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Exploring the Parks

Big Hole And Little Bighorn Battlefields: Thoughts On Cultural Tolerance And Understanding

People respond to unfamiliar cultures with a range of emotions, from curiosity to condemnation. It was curiosity (and a couple more stamps in our National Park Service passports) that recently took me and my girlfriend Craig to Big Hole National Battlefield and Little Bighorn Battlefield National Monument in Montana. It was condemnation by the U.S. government of both the Nez Perce and Sioux ways of life that precipitated the tragedies remembered at these two sites.
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Musings From Death Valley National Park

November sun sets at 4:35 p.m. in Death Valley. Early because we’re on the eastern edge of Pacific Standard Time. It’s only 6:30 p.m. and I’m already tired of reading. All around my campsite there are others sitting in the dark. Most are sitting beside campfires. Quiet talk fills the evening along with delicious odors of cooking food. Somewhere not too far away, someone quietly plunks on a guitar.
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Musings From Cabrillo National Monument

Cabrillo National Monument is one of the little gems of the National Park System. Located at the tip of Point Loma, a peninsula that’s on the northwest side of San Diego Bay. Only 160 acres and surrounded by a major Naval base and Coast Guard station, Cabrillo is nevertheless a tiny treasure — and because of its proximity to one of America’s largest urban areas, it’s one of the most heavily visited pieces of the park system.
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Long-Distance Trails For Your Consideration

Since 1966, national scenic and historic trails have been an American priority. They traverse mountains, canyons, forests, and grasslands across the country, crossing creeks and rivers and skirting lakes. These narrow corridors through the wilderness provide recreation and protect historic resources while conserving natural features. There are many physical, emotional, and logistical requirements for these trips, and winter is the perfect season to get in shape and plan for a long walk. Here’s a quick look at a few of these trails to help you plan a trip.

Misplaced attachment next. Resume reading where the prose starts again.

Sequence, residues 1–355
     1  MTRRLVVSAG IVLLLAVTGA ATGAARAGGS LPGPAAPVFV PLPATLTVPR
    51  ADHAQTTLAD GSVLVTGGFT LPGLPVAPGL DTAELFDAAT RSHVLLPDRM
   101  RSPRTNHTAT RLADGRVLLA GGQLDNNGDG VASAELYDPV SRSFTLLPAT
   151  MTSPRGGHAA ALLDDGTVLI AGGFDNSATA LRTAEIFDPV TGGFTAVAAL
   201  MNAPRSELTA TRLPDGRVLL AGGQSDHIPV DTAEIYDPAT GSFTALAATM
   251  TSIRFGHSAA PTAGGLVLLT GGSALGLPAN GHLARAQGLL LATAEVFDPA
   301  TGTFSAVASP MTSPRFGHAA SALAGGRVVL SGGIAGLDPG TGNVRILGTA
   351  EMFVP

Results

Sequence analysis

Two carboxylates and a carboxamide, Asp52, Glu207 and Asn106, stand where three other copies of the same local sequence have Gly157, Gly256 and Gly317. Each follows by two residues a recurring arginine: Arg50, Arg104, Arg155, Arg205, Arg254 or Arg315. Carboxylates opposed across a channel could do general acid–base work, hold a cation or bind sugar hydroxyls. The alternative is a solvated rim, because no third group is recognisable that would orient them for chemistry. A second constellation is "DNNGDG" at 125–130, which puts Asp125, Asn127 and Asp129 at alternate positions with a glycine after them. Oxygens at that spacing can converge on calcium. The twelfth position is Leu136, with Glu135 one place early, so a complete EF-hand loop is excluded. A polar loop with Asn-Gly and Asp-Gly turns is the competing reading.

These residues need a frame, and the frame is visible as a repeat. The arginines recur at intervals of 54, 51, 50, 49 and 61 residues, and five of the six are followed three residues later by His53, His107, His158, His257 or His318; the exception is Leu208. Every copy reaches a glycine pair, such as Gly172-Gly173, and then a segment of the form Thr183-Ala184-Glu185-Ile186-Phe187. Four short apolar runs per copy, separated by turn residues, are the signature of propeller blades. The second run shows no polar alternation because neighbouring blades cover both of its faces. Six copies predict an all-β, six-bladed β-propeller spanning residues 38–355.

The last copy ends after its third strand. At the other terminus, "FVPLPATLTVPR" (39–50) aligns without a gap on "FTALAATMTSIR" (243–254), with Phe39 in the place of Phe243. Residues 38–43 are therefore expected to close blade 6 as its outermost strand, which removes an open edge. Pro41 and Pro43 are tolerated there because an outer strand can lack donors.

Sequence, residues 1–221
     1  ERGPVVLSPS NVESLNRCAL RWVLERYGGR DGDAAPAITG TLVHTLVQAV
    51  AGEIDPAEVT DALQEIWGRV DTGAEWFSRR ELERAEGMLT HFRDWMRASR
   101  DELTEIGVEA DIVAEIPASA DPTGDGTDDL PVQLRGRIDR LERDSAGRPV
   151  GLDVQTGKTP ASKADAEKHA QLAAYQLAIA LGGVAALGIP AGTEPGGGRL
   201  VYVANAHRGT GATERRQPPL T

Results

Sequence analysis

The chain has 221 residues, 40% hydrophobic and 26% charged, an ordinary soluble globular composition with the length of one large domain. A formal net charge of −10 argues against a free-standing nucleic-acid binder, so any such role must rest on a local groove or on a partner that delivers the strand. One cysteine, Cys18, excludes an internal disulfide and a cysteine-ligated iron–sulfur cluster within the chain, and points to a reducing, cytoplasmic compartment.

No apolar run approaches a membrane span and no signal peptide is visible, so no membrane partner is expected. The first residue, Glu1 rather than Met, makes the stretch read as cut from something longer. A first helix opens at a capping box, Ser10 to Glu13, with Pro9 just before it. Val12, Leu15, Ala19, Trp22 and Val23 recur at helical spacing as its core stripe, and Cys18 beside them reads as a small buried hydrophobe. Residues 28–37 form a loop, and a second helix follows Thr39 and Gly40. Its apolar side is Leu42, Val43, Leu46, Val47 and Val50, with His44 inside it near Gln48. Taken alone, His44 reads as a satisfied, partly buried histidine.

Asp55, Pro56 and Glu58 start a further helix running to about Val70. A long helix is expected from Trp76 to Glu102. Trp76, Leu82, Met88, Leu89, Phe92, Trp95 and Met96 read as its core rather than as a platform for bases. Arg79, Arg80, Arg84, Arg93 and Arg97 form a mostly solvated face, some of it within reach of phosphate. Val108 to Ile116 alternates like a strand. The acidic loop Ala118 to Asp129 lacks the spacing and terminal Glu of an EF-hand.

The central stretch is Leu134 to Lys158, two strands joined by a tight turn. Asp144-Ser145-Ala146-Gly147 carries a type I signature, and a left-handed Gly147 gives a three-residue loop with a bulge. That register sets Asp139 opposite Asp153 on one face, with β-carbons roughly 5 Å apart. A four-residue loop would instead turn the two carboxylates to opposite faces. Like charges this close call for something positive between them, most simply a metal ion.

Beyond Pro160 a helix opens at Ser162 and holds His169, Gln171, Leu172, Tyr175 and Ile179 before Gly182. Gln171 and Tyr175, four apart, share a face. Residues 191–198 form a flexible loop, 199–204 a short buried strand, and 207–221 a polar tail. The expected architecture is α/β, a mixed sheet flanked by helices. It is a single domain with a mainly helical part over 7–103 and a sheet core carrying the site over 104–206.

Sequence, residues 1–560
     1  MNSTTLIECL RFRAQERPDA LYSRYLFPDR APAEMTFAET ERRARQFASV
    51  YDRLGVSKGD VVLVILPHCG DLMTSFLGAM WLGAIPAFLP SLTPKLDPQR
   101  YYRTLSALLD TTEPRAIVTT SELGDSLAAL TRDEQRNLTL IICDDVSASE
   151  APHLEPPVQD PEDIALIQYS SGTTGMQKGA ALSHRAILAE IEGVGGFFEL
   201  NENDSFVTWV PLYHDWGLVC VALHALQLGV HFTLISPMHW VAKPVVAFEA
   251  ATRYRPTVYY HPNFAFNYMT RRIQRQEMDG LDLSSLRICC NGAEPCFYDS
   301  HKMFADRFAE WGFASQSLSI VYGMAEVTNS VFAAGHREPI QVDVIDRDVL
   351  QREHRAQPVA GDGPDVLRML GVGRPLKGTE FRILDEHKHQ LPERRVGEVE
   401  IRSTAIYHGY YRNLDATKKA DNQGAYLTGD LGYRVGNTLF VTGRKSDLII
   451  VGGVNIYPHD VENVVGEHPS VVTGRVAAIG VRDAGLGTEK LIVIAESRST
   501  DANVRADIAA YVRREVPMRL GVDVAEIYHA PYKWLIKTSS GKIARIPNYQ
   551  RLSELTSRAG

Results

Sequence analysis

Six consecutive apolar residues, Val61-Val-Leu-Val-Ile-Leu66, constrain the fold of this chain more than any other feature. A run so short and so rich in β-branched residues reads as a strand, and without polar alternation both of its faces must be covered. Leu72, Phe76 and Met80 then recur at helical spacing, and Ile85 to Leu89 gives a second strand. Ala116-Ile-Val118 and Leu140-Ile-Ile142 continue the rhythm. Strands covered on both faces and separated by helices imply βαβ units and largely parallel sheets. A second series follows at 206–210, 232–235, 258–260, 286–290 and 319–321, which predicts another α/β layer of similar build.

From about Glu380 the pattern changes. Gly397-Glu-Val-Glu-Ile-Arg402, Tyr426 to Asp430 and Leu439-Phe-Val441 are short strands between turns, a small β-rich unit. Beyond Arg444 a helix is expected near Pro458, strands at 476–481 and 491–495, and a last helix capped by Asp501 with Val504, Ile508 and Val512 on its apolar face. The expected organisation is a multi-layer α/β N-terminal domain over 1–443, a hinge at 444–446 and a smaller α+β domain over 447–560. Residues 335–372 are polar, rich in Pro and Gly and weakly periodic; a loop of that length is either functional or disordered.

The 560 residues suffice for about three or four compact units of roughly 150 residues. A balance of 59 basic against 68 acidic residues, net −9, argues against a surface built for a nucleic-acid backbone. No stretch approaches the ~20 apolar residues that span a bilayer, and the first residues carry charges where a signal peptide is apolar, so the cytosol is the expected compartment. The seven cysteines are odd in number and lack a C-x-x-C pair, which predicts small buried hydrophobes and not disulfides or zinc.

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Enjoying Winter And Pondering The Relevancy Of National Parks

How relevant are national parks to the American public? Back in 2014, then-Park Service Director Jon Jarvis raised that question in a conversation, explaining that “the challenges that we’re facing on a variety of fronts are symptoms, to me, of a waning relevancy to the American people.” That comment arose as we discussed Congress’s collective shoulder shrug over issues facing the National Park Service.
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Afoot Through History In The Waterpocket Fold

If you pay a visit to any of Utah’s five national parks, much of the time your eyes will be riveted on arches, towers, cliffs and canyons. That’s only natural in places as scenic as these, but in the years that my wife and I have been exploring southern Utah’s park lands, we’ve found it worth our while to learn about their history as well. The signs of human occupancy in the national parks and monuments of the Colorado Plateau are often hidden, but they give important clues to how people have adapted—or failed to adapt—to the rigors of living in this harsh landscape.
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Wanderings From Cable Mountain In Zion National Park

I scraped one more item off my Things To Do list a couple of weeks ago. I finally made it to the top of Cable Mountain. If you stand in the parking lot at Weeping Rock or the shuttle stop at Big Bend and look up toward a tall, sheer cliff to the east, you’ll see a square frame pasted to the sky up there. Most people never notice it because it’s awfully small when viewed against the backdrop of red rocks and towering cliffs. But that little thing is part of one of the most fascinating stories in a place full of fascinating stories.
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National Parks Traveler's Essential Park Guide